Things were a bit looser on press row than they were in late caucus season 2007; we were herded but not aggressively herded, and there were lots of friendly over the fence chats between press and Regular Iowans, which was discouraged last time.

There was also plenty of rope line time after the speech, 24 minutes by my clock. The people who were most dedicated and patient mostly managed to get their moment, and from my distance it looked like Hillary was spending Quality Time.

Other than her presence, Clinton made news twice in Iowa. In the biggest distinction between Saturday's speech and Sunday's, she discussed the Trans Pacific Partnership  at length. The tl;dr version: we need to see the details and by the way I'm a tough negotiator. Not quite a Bernie Sanders Hell No, but the more important question is whether it's enough to calm jangled nerves in union halls.

The other news she made was, well, news - doing sit-downs with two of the state's leading journalists, Radio Iowa's O.Kay Henderson and the Register's Jennifer Jacobs.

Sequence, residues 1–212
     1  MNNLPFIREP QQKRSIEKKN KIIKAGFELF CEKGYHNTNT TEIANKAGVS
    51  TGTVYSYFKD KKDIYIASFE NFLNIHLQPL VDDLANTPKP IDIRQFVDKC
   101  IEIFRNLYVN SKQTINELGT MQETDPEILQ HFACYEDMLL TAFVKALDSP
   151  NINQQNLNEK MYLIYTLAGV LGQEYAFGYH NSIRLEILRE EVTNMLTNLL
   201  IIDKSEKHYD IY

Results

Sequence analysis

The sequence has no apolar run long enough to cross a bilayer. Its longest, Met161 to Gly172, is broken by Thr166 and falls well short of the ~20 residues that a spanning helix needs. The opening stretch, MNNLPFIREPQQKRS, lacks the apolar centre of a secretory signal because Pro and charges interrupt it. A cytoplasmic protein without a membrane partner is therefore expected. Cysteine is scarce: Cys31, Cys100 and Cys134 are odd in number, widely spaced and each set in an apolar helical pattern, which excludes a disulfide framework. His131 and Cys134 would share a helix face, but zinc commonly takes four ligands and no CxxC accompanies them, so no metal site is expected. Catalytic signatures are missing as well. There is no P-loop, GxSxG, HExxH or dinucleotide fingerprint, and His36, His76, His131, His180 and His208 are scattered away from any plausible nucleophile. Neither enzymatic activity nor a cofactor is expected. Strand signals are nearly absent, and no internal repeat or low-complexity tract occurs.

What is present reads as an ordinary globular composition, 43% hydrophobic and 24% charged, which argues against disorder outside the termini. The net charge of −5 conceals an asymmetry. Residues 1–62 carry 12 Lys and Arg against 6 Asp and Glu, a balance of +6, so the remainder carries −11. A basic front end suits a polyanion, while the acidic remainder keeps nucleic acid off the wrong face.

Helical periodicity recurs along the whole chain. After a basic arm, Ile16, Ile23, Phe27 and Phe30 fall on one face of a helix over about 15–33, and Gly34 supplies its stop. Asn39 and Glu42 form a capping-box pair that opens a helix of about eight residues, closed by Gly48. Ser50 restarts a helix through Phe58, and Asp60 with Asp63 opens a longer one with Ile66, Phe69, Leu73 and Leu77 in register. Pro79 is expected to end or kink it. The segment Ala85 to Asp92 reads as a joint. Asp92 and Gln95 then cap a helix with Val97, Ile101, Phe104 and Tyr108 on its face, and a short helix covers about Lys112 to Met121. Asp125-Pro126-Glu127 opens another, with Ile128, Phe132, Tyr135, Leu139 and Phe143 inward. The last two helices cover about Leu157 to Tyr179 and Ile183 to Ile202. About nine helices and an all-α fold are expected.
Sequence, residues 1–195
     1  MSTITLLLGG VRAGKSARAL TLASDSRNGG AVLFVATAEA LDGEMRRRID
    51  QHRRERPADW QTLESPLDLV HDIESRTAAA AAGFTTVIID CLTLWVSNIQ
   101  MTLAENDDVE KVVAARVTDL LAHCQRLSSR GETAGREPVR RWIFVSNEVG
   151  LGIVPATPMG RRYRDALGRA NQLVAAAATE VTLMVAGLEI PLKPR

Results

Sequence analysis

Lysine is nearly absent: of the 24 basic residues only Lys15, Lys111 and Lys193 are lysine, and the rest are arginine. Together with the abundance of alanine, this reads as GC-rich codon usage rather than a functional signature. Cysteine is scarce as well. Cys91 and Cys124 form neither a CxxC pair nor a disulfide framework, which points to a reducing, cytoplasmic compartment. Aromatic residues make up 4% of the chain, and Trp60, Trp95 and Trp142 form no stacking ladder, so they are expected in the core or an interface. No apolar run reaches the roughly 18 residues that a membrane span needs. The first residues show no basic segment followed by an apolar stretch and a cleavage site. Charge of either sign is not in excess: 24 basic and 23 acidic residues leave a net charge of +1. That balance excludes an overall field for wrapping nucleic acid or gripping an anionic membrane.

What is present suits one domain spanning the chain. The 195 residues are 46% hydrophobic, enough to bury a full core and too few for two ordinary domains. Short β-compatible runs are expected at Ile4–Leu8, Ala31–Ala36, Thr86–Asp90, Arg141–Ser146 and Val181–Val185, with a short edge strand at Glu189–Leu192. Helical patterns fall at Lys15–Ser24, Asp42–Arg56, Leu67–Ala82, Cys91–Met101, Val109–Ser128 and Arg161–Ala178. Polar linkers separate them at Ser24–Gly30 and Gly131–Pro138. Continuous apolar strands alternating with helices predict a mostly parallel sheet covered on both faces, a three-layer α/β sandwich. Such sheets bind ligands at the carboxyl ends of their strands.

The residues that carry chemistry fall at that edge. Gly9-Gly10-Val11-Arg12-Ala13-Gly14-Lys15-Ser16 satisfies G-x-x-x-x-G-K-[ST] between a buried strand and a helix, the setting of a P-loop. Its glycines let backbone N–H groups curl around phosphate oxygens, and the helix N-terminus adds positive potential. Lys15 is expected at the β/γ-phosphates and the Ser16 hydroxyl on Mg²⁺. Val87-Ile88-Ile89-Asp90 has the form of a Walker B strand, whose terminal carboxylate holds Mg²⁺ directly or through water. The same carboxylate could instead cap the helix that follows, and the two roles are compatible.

Brilliant move.  Not a shocking move, but strategically perfect. No one can complain that she's NOT doing interviews, can they? Yet doing interviews with state journalists means the priorities were different than the Beltway press corps' obsessions. No horse race, email, no Clinton Foundation donors, no Benghazi.  Now all the nationals can do as say "but you didn't talk to US."

Instead, Henderson and Jacobs focused on topics more interesting to an Iowa audience, and coincidentally (or not) more in line with Clinton's message. Jacobs focused on the trade proposal and the "eagerness" (Clinton's word) for a female president. Henderson also started with trade but in a 21 minute chat also touched on Iraq, universal pre-K, and what Clinton 42's role would be in a Clinton 45 administration (TBD).

And, in a move dear to my heart, Henderson asked a version of what I call The Existential Question:
Henderson: In 2008, members of the Clinton team, including Bill Clinton, had some concerns about the Caucus process…Are you comfortable with the process…and how does this feel different than it did eight years ago?